Twitter on Friday announced the removal of thousands of accounts linked to Saudi Arabia's "state-run media apparatus" and others in the United Arab Emirates and Egypt.
The company said all of them amplified pro-Saudi messages.
The social media giant said it suspended a group of 4,258 accounts operating uniquely from the UAE, mainly directed at Qatar and Yemen.
A separate network of 267 accounts originating in the Emirates and Egypt which was engaged in a "multi-faceted information operation" targeting Qatar and Iran while amplifying messages supportive of the Saudi government.
The company said those accounts were managed by a private company called DotDev, which identifies itself on its website as a "custom software solutions company based in Abu Dhabi." DotDev also has an Egyptian affiliate based in Giza, outside of Cairo.
One of the suspended accounts belonged to former Saudi royal court adviser Saud al-Qahtani on Friday, nearly a year after he was sacked over his suspected role in the murder of Washington Post journalist Jamal Khashoggi.
Qahtani, a close confidante of Crown Prince Mohammed bin Salman, ran the royal court's media centre as well as an electronic army tasked with protecting the kingdom's image and attacking its perceived enemies online.
He dictated Saudi Arabia's official line on issues including a diplomatic dispute with Qatar and security and human rights.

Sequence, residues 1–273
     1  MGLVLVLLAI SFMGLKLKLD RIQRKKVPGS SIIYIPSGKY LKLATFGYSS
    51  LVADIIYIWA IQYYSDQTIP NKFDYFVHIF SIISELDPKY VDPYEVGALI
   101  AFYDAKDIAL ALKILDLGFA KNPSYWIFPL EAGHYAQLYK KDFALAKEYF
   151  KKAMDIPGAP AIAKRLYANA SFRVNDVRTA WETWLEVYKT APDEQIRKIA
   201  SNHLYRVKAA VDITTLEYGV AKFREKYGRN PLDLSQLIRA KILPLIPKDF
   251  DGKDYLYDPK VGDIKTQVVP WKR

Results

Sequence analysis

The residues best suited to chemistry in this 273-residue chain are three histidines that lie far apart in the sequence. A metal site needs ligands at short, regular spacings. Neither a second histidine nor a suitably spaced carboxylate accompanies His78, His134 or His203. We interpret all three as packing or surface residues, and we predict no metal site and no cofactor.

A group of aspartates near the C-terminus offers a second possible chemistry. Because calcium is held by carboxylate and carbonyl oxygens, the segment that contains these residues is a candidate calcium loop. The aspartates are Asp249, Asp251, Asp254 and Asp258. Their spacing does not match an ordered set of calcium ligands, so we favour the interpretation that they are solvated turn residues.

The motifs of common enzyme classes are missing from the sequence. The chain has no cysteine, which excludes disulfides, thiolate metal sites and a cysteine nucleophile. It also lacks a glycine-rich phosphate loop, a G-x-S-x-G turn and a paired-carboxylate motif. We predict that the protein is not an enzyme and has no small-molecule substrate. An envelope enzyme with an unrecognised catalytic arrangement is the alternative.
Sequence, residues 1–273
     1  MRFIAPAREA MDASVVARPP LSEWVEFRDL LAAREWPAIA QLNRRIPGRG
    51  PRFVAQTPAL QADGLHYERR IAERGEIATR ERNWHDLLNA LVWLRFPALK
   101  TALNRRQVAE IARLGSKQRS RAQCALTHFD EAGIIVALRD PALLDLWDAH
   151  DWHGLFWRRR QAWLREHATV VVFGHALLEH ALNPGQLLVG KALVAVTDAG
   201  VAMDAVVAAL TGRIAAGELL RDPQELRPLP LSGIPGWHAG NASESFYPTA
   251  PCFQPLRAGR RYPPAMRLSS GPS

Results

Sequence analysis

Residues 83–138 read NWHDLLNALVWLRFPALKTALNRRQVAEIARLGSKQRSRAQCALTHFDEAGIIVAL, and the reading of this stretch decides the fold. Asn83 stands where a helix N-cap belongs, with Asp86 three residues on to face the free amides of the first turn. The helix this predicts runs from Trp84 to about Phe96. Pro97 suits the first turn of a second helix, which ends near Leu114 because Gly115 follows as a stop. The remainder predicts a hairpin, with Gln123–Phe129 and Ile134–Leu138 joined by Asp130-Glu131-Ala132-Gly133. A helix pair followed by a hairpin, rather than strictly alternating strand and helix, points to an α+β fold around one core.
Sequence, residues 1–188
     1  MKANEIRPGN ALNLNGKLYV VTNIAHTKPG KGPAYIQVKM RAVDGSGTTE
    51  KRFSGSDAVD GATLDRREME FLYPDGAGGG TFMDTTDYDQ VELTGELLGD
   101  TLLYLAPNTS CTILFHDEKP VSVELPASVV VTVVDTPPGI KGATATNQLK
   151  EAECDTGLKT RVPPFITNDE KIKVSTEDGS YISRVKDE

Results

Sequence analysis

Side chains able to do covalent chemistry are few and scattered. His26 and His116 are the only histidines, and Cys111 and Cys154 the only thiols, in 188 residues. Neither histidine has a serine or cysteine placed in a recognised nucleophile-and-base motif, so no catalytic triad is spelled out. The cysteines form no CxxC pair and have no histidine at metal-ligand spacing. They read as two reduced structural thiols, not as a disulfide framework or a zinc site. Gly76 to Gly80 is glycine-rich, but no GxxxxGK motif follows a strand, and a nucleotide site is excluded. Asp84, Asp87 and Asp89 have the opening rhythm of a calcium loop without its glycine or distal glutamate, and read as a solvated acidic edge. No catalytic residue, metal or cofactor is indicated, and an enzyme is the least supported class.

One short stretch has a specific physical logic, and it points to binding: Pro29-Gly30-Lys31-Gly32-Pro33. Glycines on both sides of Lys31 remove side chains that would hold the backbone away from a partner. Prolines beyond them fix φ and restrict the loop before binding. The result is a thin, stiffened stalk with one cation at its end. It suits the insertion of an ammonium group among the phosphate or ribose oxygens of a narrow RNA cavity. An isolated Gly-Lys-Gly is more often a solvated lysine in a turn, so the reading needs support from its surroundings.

Qahtani has not tweeted since Oct. 22, shortly after he was fired, but sources told Reuters in January that he continued to wield considerable influence behind the scenes.
Although the Saudi public prosecutor has said Qahtani participated in a plan to repatriate Khashoggi, officials have refused to disclose whether he was arrested and sources have said he was not among those put on trial for the murder.
Twitter declined to specify the precise reason or timing for Qahtani's suspension, saying only that he had violated the company's "platform manipulation" policies.
Records of his tweets are not being added to its archive of state-backed information operations, the company said in its blogpost.
Twitter suspended six other accounts linked to the Saudi government which were presenting themselves as independent journalistic outlets "while tweeting narratives favorable to the Saudi government," it said.
The Twitter actions follow on the heels of Facebook's removal last month of 350 fake accounts and pages promoting Saudi propaganda, which marked the first time a tech company had linked such activity back to the Saudi government.
Facebook said at the same time it had also suspended a separate network of more than 350 accounts linked to marketing firms called New Waves in Egypt and Newave in the UAE.
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